Not entirely sated, we then went to Ping Bakery or something, a much busier restaurant at the hour we arrived, where we feasted on a wider variety of exotica.
I guess it is moving forward into the present, as I just Googled it and found its website:nomwah.com/
Last Edit: Jan 27, 2012 11:01:32 GMT by Don Cuevas
Lola, that sure sounds like a fun area to stay in. It wasn't too crowded for you?
Thanks for sharing the article. That Monday night party sounds like something I'd like, if I could get someone to go with me. It's funny, though, that the NYT writer acts as if he's got the lowdown on a best-kept secret, but anything in the NYT isn't.
I noticed in my photos there's a big, gaping hole in the place where the yellow marque-like sign for the Vietnamese restaurant should be. I wonder what happened.
Don Cuevas, thanks for sharing. You and your wife were really brave to try a mysterious whiskered dish!
I'm sure the place has changed a lot since you've been. The owner is a young Chinese-American who speaks accent-less English and could no doubt explain everything on the menu. And I'd be very surprised if a guy his age wasn't media-savvy.
Post by mickthecactus on Jan 27, 2012 14:18:22 GMT
That's a great report nycgirl and it looks not unlike Chinatown in London with the narrow streets. I guess a curved street in Manhattan must be very unusual.
Reference to Don Cuevas I was taken to London Chinatown some years ago by a client for an authentic New Year meal. It was horrendous, Chicken beaks, deep fried chicken feet, in fact every bit of the bloody chicken! Never again...........
Calvin Trillin wrote that the phrase he wanted to learn in Chinese was: "I'll have some of what the people at the next table are having."
I love downtown Manhattan. Living in an "inner ring" suburb where you can sit on your front porch at midday and wait 15 min before anyone walks by, we enjoyed the crowds. Our hotel room was nice and quiet, even facing Canal.
Yes, funny to think of writing an article that makes podgy old people from the Midwest want to rush over the the happening Artistic Types party. Pretty soon, you do need a doorman to enforce hipness entrance standards.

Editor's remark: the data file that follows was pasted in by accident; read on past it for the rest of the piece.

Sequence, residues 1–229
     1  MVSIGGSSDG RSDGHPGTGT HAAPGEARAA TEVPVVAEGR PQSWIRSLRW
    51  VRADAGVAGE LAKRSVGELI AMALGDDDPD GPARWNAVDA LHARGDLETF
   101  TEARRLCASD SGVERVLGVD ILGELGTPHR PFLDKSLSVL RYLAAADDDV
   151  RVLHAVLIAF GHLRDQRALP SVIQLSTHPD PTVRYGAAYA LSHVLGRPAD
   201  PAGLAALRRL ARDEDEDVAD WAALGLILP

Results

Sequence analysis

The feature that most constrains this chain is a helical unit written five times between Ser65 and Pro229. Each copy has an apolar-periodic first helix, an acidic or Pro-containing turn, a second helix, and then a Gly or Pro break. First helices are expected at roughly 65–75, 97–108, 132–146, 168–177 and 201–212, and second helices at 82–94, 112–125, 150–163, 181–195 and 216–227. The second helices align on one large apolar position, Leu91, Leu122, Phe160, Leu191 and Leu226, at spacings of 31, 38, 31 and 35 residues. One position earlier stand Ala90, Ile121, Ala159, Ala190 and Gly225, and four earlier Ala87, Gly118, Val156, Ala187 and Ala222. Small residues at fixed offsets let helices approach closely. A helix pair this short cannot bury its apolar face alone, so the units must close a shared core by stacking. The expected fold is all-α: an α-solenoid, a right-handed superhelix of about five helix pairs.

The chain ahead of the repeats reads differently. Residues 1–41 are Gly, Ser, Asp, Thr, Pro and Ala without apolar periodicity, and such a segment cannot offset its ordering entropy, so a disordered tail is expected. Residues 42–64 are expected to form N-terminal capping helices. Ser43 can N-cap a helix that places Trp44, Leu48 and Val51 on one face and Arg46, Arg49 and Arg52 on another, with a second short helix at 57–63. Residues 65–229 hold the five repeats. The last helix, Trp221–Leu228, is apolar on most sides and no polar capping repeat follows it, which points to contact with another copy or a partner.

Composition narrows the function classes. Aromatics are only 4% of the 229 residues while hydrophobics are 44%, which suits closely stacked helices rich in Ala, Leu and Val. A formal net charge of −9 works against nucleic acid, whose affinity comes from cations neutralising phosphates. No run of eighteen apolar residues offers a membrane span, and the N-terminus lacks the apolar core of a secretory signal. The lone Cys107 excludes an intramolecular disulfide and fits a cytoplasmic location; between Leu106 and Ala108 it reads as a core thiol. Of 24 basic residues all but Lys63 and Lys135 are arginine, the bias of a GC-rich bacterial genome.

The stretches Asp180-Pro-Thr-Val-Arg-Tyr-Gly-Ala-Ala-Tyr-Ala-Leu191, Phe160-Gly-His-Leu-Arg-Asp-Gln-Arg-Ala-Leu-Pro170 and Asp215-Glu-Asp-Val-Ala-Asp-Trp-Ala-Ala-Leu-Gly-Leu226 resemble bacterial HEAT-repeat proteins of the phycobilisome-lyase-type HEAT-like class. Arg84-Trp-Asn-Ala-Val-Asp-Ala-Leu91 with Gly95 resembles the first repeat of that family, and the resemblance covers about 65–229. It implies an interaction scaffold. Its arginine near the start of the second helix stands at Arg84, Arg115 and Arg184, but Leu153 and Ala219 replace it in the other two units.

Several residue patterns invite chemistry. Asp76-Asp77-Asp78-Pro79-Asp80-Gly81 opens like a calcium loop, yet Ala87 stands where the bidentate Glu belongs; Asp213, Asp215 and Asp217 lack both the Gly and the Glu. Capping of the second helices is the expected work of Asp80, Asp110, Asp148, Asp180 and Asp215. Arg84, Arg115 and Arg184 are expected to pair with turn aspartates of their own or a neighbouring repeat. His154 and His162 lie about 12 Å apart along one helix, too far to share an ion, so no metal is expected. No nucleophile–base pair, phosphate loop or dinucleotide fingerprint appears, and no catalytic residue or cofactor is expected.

I know the Nom Wah tea room,the stove in the background of the pic is very similar to mine here at home!!
Pity about the rain and the donning of plastic bags over the brilliant costumes. Here in NOLA during Mardi Gras, the die hard costumers are at the ready and would never dream of putting a plastic bag over their extravagant costumes.
I really enjoyed the tour of NYC's Chinatown and your photos taken during the Chinese New Year festivities. Sorry if someone already asked this question, but where did you find the old photos? Did you find them online or are they photos of photos that you found in a book, etc.? I really liked seeing the comparison between the photo from 1909 and your photo. I recently saw a book about Paris that did exactly the same thing - there were old photographs of famous monuments, streets, etc alongside current day photos.
And as for dim sum - I love it. Rubbery chicken feet and all! It's one of my favorite Sunday meals.
Thanks! I saw the photos on a terrific blog by a NY film scout, and then I did a google search for them. I'm actually a little sheepish about mentioning it because his photo essay is much, much better.
Love dim sum. Can't get enough. Bet you know some good places for it in Paris, huh?
Here a little video of the owner discussing his revamped Nom Wah Tea Parlor.
Thanks for the link for the blog and the YouTube video, although I should have eaten breakfast before watching it. Those sesame seed balls are favorites of mine. I would love to try the ones at Nom Wah.
Unfortunately, I haven't found a good dim sum place in Paris. I'm sure that there are some, but I haven't found one yet.
Never eaten Dim Sum in Paris, but if I were to hunt for a place, or several places, I would start at a moderately expensive restaurant called Dragons Elysees, Rue de Berri (off Champs Elysees). It is a large Chinese place with a wonderful glass floor hovering above a koi pond. I have had two meals there and can't fault the food or service. I am almost sure they have Dim Sum!
Next I would phone a wonderful Chinese restaurant on Ille de la Jatte ( stayed in hotel there 2010) The food was superb and I think the best Chinese ever eaten in Paris. Chez Yau 217 Boulevard Bineau, 92200 Neuilly-sur-Seine, France +33 1 46 24 02 38 () ý
Then there is a couple of possibilities near Kerouac in Rue de Torcy. I'm thinking Tin Tin or La Locomotive. There is a fairly large place near to them but we walked out due to lack of service.
Then I'm sure Belleville has some possibilities also. Thinking maybe Cok Ming or Le Pacific both recommended by Kerouac in 2005 on another board. I realise not every Chinese restaurant serves Dim Sum but found this whilst surfing: tinyurl.com/7lwgtjx
Thanks for posting the clip, that was funny! Yeah, for weeks sports fans were going out of their minds here because Time Warner Cable wasn't playing the NY Knicks games. Just when the Knicks became worth watching, this happens! Of course, as the skit implies, this isn't the worst problem in the world, but still irritating.
I saw on the news that Nom Wah hosted Knicks viewing parties with free dim sum during the Time Warner mess. Very nice thing to do for the Chinatown community.